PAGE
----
- Bobby HoffmanAffiliated withDepartment of Educational Studies, University of Central Florida
- , Gregory SchrawAffiliated withDepartment of Educational Psychology, University of Nevada-Las Vegas Email author
- , Matthew T. McCruddenAffiliated withSchool of Educational Psychology and Pedagogy, Victoria University
Cognitive efficiency (CE) is a multifaceted construct that describes the ability to reach learning, problem solving, or instructional goals through optimal use of mental resources. CE can be defined as optimal effort needed to perform a task, optimal performance on a task, or as the relationship between maximum performances on a task while exerting minimum effort (Hoffman and Schraw 2010).
In general, all views construe CE as the tradeoff between benefits such as increases in the rate, amount, or conceptual clarity of knowledge versus costs such as time, effort, or the cognitive resources expended to complete a task. Three main criteria influence the understanding and utility of CE: the discipline of application, measurement of the construct, and individual differences among learners.
Beginning in the late nineteenth century, experimental and beha ...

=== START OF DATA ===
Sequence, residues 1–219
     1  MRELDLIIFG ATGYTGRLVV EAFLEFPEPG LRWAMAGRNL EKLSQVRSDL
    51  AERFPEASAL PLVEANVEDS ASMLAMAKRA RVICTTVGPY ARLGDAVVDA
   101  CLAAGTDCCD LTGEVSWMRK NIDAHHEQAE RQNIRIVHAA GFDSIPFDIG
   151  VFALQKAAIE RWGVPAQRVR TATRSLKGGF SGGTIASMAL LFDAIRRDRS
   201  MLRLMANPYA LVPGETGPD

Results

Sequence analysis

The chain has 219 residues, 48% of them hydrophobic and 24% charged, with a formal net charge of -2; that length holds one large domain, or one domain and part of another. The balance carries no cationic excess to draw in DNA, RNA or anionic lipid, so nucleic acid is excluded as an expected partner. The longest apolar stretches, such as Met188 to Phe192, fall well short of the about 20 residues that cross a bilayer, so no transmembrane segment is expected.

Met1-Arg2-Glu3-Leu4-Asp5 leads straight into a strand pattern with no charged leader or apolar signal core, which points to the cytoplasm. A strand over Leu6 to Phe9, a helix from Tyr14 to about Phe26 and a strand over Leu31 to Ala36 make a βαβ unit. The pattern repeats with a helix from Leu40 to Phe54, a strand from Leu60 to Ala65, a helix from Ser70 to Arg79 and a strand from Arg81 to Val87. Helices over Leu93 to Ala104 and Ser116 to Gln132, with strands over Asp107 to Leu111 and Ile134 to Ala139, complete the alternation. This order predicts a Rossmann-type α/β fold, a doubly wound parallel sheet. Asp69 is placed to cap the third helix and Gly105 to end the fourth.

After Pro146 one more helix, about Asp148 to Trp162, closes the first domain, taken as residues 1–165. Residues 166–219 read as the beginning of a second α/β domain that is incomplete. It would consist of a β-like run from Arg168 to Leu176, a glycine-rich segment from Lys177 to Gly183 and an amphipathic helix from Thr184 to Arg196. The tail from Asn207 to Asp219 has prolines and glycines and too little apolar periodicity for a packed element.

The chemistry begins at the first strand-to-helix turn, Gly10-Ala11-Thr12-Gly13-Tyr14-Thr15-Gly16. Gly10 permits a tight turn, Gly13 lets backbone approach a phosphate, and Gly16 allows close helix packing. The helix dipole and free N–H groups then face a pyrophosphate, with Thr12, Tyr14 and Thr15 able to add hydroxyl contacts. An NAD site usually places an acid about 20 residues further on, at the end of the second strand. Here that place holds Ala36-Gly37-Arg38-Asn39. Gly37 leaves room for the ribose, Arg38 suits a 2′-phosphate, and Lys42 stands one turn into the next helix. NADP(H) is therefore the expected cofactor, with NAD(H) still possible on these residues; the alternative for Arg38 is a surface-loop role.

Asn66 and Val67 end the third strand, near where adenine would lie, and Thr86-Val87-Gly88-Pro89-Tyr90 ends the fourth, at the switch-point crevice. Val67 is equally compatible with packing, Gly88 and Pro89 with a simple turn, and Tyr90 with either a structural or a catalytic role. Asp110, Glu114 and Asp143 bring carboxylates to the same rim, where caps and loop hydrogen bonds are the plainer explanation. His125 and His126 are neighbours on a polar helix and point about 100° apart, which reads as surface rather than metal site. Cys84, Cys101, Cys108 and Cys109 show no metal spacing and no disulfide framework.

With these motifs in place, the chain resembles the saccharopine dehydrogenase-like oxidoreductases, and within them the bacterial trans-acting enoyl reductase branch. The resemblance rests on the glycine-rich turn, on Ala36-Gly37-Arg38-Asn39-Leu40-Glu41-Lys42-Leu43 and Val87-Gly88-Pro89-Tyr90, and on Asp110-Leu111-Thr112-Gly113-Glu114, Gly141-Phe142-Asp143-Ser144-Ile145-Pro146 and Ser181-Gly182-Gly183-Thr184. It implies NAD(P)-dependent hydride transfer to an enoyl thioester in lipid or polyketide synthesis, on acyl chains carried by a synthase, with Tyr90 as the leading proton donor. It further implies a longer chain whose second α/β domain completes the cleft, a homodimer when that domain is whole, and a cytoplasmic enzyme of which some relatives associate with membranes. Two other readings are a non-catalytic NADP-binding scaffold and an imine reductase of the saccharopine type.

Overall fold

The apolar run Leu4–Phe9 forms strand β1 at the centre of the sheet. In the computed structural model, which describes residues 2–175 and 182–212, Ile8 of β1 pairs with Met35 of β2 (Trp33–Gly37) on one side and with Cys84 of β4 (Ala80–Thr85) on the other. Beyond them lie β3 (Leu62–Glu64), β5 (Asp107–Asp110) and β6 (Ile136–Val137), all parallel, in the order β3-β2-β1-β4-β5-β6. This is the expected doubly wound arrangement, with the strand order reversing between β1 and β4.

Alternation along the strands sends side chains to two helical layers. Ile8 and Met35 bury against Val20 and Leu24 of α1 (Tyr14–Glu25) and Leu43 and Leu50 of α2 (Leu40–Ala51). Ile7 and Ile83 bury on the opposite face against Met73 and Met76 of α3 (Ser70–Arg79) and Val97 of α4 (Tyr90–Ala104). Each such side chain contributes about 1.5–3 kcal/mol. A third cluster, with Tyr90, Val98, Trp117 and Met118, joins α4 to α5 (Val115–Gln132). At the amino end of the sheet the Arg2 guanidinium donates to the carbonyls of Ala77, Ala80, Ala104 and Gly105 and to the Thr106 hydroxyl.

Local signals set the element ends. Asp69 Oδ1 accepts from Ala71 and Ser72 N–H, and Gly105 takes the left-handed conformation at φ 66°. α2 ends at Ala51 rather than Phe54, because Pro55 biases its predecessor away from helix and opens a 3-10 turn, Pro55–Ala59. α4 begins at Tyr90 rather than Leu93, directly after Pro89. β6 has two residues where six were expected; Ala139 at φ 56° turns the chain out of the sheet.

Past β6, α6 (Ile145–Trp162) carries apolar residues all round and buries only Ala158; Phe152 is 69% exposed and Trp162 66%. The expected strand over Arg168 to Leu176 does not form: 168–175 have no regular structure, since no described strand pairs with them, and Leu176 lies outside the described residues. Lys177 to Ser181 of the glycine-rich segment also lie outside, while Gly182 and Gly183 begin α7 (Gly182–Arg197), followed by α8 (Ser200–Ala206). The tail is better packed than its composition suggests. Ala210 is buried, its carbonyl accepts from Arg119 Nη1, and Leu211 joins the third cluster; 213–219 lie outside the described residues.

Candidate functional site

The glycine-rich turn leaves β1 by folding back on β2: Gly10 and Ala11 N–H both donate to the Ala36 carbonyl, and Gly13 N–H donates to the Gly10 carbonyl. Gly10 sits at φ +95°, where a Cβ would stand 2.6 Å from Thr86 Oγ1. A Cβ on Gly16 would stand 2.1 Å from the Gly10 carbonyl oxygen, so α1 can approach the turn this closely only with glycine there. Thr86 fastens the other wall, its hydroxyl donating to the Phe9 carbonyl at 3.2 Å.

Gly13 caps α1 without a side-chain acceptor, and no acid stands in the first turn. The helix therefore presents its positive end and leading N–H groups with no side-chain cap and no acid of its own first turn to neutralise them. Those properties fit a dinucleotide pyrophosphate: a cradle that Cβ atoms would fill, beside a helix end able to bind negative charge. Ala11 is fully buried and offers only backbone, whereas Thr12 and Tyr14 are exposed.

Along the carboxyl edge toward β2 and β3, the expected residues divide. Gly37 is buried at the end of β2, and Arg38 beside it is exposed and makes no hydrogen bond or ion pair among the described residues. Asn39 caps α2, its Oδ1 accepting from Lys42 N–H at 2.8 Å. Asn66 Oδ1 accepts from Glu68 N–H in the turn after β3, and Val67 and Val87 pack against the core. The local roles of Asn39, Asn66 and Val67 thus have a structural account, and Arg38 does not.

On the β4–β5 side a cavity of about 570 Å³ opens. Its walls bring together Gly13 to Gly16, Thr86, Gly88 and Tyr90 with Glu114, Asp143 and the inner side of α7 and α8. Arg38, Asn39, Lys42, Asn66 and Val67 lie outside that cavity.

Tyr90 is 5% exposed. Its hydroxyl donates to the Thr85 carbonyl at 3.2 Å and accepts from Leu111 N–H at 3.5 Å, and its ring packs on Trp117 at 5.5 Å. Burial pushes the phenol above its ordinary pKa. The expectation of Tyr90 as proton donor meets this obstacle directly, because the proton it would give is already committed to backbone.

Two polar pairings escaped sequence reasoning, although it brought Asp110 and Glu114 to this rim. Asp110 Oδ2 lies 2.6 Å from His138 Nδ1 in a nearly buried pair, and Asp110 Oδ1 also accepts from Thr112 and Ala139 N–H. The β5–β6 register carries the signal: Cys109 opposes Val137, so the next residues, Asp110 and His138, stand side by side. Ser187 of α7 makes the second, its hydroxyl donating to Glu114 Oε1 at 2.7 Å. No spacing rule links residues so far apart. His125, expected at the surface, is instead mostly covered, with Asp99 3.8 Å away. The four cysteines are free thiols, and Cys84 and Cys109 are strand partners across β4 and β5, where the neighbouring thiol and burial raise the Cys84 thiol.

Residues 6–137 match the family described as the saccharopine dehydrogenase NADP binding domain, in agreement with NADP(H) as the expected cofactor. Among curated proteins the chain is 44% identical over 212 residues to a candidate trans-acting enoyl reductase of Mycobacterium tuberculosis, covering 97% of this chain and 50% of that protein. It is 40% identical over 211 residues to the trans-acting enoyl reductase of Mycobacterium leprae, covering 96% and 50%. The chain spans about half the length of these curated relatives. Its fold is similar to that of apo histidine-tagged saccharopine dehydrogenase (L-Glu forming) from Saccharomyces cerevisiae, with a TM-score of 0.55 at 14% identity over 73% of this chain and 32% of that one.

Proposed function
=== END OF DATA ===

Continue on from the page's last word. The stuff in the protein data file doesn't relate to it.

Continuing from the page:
Reference Work Entry Metrics
- Cognitive Efficiency
- Reference Work Title
- Encyclopedia of the Sciences of Learning
- pp 590-593
- Print ISBN
- Online ISBN
- Springer US
- Copyright Holder
- Springer Science+Business Media, LLC
- Additional Links
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- Editor Affiliations
- 1. Faculty of Economics and Behavioral Sciences, Department of Education, University of Freiburg
- Author Affiliations
- 1. Department of Educational Studies, University of Central Florida, Orlando, FL, USA
- 2. Department of Educational Psychology, University of Nevada-Las Vegas, 4505 Maryland Parkway, Box 453003, 89154-3003, Las Vegas, NV, USA
- 3. School of Educational Psychology and Pedagogy, Victoria University, Wellington, New Zealand
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